ERIC Number: ED265481
Record Type: RIE
Publication Date: 1985-Apr
Reference Count: 0
Volunteer Motivations and Rewards: Shaping Future Programs.
Volunteerism is increasing today and helps to fill in the gaps created by funding and staff cutbacks in service-oriented agencies. It is critical not only to recruit new volunteers but to retain volunteers. This study examines hospice volunteers for motivation and rewards. Previous studies have found motivations to include altruism and self-actualization and rewards to include social interaction and recognition. Forty hospice volunteers (29 females and 11 males) completed a questionnaire and Rotter's Internal-External Locus of Control Scale. Participants were asked what kinds of activity they performed and their primary reason for volunteering. Fifty-two percent cited inner-directed reasons indicating personal interest or benefit. Thirty-eight percent cited other-directed reasons indicating concern for others. Other respondents combined inner- and other-directed reasons or did not cite reasons. The hospice volunteer directors were questioned about rewards. Rewards included certificates of appreciation, banquets, service pins, bookmarks, free meals, and free parking. Little relationship was found between volunteer motivations and reward structure. Agencies could be more creative by taking into account the needs and talents of the volunteers when creating job descriptions and roles thereby probably reducing volunteer burnout. It is also probable that supervision as needed over and above the supervision regularly supplied provides the support, encouragement and rewards most valued by these volunteers. (ABL)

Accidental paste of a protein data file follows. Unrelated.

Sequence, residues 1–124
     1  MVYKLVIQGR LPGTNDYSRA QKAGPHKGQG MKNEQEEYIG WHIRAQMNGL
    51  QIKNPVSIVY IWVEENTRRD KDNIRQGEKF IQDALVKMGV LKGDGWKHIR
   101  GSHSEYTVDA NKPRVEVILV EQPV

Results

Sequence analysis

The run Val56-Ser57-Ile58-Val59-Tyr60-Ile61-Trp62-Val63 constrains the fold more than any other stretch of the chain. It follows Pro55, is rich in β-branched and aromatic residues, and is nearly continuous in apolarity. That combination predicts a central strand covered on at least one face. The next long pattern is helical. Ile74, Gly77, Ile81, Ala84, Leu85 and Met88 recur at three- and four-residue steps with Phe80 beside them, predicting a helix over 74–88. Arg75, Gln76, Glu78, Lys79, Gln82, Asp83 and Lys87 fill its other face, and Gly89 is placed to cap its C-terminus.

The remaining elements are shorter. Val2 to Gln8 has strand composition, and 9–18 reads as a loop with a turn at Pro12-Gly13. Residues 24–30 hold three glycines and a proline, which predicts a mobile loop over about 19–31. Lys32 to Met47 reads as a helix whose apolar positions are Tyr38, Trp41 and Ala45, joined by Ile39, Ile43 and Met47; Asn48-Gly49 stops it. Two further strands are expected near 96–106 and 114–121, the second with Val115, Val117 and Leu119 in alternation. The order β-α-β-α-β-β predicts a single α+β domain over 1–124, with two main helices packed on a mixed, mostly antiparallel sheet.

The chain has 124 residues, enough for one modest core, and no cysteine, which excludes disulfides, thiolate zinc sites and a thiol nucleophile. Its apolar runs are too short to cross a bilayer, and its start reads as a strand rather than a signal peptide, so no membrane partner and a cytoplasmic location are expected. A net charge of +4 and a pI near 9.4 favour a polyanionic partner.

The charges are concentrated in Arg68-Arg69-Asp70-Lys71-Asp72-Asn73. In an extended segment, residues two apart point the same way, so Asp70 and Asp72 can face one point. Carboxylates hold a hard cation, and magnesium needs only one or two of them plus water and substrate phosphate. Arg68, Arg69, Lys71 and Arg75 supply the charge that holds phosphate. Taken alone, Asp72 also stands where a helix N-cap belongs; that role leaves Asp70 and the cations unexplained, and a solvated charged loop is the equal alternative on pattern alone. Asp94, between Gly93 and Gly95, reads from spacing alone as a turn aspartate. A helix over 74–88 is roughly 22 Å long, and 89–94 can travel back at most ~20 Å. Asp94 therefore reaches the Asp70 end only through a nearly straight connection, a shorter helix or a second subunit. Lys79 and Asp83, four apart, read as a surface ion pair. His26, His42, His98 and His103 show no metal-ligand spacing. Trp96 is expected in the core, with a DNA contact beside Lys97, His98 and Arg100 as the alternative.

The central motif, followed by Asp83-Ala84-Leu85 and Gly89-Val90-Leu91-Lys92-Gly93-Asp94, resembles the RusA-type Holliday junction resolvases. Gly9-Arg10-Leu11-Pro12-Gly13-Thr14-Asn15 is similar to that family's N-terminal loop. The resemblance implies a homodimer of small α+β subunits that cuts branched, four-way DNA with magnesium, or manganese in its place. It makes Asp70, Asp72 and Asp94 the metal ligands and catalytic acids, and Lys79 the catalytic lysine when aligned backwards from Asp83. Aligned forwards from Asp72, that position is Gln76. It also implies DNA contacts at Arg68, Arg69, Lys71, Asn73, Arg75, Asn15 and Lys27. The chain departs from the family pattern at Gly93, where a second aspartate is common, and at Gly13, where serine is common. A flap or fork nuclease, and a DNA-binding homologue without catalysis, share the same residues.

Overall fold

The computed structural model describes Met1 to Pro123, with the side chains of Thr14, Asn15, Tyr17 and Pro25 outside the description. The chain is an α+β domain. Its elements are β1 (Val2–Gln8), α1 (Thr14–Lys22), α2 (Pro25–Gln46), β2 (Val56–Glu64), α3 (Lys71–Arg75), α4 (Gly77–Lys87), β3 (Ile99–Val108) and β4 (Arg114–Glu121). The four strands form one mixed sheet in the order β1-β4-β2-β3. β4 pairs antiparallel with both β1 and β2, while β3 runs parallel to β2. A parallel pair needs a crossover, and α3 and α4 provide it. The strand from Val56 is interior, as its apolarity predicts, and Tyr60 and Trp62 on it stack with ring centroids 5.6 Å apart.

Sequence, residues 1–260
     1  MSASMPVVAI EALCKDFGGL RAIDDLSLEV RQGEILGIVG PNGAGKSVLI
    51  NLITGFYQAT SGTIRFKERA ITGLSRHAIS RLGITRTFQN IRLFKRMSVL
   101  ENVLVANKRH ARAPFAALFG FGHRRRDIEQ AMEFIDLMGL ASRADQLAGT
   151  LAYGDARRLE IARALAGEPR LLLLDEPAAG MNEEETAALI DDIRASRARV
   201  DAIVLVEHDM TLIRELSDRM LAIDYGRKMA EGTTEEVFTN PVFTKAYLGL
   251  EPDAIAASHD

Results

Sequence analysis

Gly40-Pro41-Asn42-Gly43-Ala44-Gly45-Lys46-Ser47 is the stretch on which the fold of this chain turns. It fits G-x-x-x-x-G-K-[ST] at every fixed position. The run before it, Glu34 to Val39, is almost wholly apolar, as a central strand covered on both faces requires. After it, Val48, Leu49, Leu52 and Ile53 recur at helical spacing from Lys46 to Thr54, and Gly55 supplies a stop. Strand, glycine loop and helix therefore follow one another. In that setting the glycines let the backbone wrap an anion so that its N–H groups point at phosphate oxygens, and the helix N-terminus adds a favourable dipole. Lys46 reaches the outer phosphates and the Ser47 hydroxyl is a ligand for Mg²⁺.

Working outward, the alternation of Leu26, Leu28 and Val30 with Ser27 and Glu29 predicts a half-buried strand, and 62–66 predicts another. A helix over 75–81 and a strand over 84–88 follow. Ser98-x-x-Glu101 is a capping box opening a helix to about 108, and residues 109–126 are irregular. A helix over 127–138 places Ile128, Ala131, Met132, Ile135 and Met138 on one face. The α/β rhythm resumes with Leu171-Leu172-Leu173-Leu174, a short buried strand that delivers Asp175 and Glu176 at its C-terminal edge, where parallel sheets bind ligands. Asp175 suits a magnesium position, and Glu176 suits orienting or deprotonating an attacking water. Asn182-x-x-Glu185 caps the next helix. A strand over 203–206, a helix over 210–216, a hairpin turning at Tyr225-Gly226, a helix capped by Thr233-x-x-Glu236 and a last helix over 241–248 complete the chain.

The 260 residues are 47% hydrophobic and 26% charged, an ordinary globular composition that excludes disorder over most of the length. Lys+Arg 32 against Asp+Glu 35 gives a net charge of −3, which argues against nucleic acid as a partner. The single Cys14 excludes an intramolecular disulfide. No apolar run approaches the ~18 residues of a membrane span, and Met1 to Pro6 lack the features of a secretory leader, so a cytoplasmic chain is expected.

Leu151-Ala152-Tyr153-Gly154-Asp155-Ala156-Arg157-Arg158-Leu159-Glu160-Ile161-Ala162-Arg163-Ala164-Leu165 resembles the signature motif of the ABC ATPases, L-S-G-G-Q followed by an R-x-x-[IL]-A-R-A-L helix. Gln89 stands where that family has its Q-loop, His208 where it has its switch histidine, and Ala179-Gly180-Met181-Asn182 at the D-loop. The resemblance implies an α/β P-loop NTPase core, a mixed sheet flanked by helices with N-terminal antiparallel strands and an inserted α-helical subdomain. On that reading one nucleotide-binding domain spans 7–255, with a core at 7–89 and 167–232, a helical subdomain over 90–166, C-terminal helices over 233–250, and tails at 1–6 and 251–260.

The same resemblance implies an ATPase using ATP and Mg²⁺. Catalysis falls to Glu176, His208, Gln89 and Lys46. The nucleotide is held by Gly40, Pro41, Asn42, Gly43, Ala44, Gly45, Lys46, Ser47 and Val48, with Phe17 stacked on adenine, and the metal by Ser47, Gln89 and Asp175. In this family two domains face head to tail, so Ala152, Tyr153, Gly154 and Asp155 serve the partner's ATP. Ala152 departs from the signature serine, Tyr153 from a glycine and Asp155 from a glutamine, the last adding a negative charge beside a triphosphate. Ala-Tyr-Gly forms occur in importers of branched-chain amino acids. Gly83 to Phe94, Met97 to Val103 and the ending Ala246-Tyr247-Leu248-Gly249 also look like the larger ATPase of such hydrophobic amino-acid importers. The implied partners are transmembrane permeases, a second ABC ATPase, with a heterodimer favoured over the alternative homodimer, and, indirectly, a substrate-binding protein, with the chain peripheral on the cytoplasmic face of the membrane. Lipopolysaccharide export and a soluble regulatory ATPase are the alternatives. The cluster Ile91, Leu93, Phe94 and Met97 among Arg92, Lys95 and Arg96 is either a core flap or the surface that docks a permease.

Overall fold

Publication Type: Reports - Research; Speeches/Meeting Papers
Education Level: N/A
Authoring Institution: N/A
Note: Paper presented at the Annual Conference of the American Association for Counseling and Development (New York, NY, April 2-5, 1985).